For further information, visit

https://www.google.com/maps/place/Schneider+Hammers/@33.9041077,-84.3622675,17z/data=!3m1!4b1!4m5!3m4!1s0x0:0xad95c2857eb63d32!8m2!3d33.9041077!4d-84.3600788?authuser=2

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review 2019-01-04 21:33
Rust & Stardust
Rust & Stardust - T. Greenwood

[I received a copy of this book through NetGalley, in exchange for an honest review.]

I wasn’t exactly sure what this novel would be like—true crime stories are usually more on the grim, graphic side, and as for “Lolita” (for which Sally Horner’s story was partly an inspiration), I admit I liked it more for its value as a classic than for its theme. Still, “Rust & Stardust” looked like it’d be an interesting read, and that it was… as well as heart-breaking in many ways. (Especially when you already know how things went for the real Sally Horner.)

One thing I really appreciated with it is how it never veers into graphic/descriptive territory when it comes to the sexual abuse Sally suffered. I’m not a prude, but reading about women being defiled in terms that make the whole thing look like “stuff being done to a piece of meat” has never been something I particularly relish, and when the victims are kids, how to put it… That’d just be the worst. So I was really glad that, while there’s no doubt as to what LaSalle does to Sally, there’s also no need to say more. We get it. We get the picture. He’s a disgusting man. And we can leave it at that.

There’s also a really frustrating side to the story, in that it shows us several close calls where, had things gone just slightly differently, Sally could’ve been found much sooner. It always hinges on a tiny thing, on just the wrong timing—frustrating, but also all too human, because it puts the reader face to face with something that most of us may indeed not recognise in time to act. It’s all about “someone has to do something”, but the someones who could act are sometimes oblivious, and sometimes make their decision just that tad bit too late to be useful. And, to be fair, most of the characters were so naive! Granted, it was 1948, and we can assume there weren't so many horror stories of kids being abducted at the time, and people wouldn't be as savvy and wary as they generally (well, supposedly) are now. Still, I felt like slapping them sometimes and tall them "duh, this is so obvious!"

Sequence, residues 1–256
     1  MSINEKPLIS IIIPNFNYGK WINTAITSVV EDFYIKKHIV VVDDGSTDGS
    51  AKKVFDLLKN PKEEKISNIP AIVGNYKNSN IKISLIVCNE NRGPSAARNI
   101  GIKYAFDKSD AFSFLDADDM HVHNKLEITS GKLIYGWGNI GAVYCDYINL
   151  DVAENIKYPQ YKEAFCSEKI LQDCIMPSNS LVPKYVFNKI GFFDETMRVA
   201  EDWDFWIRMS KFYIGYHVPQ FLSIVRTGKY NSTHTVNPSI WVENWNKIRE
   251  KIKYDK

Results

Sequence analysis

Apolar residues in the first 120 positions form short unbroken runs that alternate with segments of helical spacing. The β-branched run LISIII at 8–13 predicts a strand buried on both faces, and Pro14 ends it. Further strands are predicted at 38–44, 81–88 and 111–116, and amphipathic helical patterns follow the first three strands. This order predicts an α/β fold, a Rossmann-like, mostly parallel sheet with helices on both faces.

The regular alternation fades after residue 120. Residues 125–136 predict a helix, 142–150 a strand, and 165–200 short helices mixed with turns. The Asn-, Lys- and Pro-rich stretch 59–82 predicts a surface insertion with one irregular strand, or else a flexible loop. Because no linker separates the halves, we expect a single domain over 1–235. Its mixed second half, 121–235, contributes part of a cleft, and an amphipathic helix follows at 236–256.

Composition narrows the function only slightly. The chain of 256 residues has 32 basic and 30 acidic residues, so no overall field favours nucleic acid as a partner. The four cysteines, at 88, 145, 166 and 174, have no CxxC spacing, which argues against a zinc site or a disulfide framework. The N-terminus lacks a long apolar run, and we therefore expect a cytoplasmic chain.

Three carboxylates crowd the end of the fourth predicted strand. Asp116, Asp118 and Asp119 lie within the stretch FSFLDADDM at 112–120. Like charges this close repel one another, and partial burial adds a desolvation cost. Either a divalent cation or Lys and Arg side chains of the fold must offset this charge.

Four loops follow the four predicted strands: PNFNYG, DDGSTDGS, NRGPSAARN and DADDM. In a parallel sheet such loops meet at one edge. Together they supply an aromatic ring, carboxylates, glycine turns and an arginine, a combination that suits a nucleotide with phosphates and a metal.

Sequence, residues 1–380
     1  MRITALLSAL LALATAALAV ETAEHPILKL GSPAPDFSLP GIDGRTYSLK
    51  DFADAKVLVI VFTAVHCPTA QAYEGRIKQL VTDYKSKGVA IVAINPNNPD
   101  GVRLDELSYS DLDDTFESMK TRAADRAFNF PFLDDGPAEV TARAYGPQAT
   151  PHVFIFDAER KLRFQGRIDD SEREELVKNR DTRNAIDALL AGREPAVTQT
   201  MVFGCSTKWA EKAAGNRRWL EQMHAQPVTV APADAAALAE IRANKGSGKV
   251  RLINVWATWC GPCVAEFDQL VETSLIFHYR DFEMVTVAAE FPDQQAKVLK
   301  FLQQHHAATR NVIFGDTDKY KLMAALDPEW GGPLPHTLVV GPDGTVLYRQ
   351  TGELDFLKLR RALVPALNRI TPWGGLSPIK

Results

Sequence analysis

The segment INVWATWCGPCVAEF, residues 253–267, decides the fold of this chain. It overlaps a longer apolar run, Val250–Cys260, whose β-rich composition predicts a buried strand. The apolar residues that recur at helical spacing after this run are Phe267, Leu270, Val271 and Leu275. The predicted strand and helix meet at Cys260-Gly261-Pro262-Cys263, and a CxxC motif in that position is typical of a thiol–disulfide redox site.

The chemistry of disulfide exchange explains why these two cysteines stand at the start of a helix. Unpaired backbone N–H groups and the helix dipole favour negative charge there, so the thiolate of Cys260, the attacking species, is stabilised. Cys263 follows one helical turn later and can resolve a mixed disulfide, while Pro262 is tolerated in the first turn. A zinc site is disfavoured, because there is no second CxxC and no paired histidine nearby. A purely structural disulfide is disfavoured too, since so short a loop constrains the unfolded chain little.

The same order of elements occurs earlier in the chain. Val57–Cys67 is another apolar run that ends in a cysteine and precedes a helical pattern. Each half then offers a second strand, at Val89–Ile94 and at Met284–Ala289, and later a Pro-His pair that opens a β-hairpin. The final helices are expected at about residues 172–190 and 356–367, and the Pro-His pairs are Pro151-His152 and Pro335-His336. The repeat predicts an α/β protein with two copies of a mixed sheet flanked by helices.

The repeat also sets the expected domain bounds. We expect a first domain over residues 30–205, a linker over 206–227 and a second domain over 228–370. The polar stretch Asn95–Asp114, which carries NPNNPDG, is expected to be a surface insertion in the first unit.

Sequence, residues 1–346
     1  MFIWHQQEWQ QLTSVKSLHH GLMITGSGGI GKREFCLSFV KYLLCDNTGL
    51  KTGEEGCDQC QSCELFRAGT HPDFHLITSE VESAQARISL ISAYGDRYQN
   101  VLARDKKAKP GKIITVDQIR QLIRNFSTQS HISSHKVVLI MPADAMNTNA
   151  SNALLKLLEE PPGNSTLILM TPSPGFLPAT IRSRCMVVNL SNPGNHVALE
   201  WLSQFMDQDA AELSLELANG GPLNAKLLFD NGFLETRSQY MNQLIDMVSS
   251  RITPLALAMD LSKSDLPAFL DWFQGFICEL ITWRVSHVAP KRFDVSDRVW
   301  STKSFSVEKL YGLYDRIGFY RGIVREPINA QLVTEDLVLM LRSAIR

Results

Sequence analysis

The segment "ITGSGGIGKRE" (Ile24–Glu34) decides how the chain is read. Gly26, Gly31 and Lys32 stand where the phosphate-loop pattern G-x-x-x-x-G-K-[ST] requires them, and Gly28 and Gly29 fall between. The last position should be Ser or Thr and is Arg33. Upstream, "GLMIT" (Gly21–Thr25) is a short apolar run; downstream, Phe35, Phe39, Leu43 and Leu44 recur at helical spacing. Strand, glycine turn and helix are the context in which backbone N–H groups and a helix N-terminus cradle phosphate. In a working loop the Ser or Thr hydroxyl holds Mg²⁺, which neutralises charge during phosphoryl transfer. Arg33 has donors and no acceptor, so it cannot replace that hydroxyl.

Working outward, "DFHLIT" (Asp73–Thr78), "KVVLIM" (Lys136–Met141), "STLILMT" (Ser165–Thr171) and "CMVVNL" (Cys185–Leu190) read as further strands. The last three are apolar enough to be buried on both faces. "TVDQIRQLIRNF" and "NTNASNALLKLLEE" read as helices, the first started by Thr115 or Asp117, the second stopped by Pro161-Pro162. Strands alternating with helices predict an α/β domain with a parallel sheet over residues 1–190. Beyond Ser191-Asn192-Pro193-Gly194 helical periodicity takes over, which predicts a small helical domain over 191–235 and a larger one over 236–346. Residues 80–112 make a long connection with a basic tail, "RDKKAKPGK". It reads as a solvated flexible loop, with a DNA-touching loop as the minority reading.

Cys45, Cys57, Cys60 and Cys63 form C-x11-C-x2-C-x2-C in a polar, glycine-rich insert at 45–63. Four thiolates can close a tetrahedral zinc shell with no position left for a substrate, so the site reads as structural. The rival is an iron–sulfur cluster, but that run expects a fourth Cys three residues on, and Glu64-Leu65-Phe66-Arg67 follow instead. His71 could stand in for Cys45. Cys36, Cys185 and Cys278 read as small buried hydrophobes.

(I say “frustrating”, but with a dash of anticipation, like when you’re left with a cliffhanger.)

The novel doesn’t entirely follow Sally’s ordeal either, and the author took some freedoms with the side characters: people whom Sally meets, who may or may not be in positions to help her, and who provide a ray of sunshine in her existence while LaSalle drags her around. What it was exactly like for the real Sally, we’ll never know, but here, it felt as if these encounters allowed her to survive, to remain strong enough in spite of all the grim sides. There’s an (expected) turning point when she reaches that stage where she starts to look more like a young woman, something that doesn’t “appeal” to Frank, and in turn, he gradually treats her differently—and you can’t help but shiver, on top of the previous shivers due to the whole paedophilia part itself, because it’s when you also start wondering “how long until he discards her because she’s not a little girl anymore?”

I guess I had more trouble, all in all, with the overall style. The writing was OK but not the best ever, and there were moments in the story when the rhythm felt strange; or perhaps that was because everything focused on the characters and little on the investigation itself, so there wasn’t the same kind of suspense I usually associate with “crime stories”?

Nevertheless, I “enjoyed” the book, also for telling this story that deserved telling. 3.5 to 4 stars here.